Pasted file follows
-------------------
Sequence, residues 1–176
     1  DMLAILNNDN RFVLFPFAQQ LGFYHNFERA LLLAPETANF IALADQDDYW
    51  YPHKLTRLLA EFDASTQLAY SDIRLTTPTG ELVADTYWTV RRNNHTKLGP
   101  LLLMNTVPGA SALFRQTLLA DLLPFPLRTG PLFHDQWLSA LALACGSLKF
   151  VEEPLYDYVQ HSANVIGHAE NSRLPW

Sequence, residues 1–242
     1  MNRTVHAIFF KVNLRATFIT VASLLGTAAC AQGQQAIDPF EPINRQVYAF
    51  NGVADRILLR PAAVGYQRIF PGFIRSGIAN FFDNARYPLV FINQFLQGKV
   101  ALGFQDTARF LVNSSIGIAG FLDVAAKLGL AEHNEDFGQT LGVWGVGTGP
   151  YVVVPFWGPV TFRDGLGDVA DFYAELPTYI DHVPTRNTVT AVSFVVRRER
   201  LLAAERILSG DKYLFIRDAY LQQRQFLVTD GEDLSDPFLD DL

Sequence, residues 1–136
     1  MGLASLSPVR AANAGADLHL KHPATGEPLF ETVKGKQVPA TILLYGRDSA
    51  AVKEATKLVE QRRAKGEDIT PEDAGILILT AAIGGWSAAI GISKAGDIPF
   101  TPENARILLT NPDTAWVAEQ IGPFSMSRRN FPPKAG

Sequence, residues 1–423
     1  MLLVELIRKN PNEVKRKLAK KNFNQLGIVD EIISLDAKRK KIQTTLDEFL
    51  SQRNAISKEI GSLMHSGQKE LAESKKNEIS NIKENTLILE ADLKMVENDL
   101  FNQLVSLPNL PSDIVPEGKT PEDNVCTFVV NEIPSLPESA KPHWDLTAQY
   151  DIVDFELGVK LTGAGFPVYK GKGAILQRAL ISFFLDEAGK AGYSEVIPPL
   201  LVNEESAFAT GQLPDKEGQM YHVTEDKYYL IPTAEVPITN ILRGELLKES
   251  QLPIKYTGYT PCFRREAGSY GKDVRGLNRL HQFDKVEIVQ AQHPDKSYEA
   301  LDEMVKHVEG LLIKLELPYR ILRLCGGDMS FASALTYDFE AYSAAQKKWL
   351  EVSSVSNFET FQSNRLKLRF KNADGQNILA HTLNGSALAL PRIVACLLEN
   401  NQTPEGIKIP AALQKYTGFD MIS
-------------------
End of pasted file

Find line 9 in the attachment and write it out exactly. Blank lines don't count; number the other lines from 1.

   101  ALGFQDTARF LVNSSIGIAG FLDVAAKLGL AEHNEDFGQT LGVWGVGTGP